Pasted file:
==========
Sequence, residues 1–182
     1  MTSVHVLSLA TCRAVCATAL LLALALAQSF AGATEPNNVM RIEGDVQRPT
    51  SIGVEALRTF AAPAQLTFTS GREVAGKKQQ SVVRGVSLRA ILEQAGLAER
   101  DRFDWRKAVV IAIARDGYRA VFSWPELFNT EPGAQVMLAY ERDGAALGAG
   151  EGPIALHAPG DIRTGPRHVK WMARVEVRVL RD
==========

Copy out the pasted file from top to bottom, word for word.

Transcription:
Sequence, residues 1–182
     1  MTSVHVLSLA TCRAVCATAL LLALALAQSF AGATEPNNVM RIEGDVQRPT
    51  SIGVEALRTF AAPAQLTFTS GREVAGKKQQ SVVRGVSLRA ILEQAGLAER
   101  DRFDWRKAVV IAIARDGYRA VFSWPELFNT EPGAQVMLAY ERDGAALGAG
   151  EGPIALHAPG DIRTGPRHVK WMARVEVRVL RD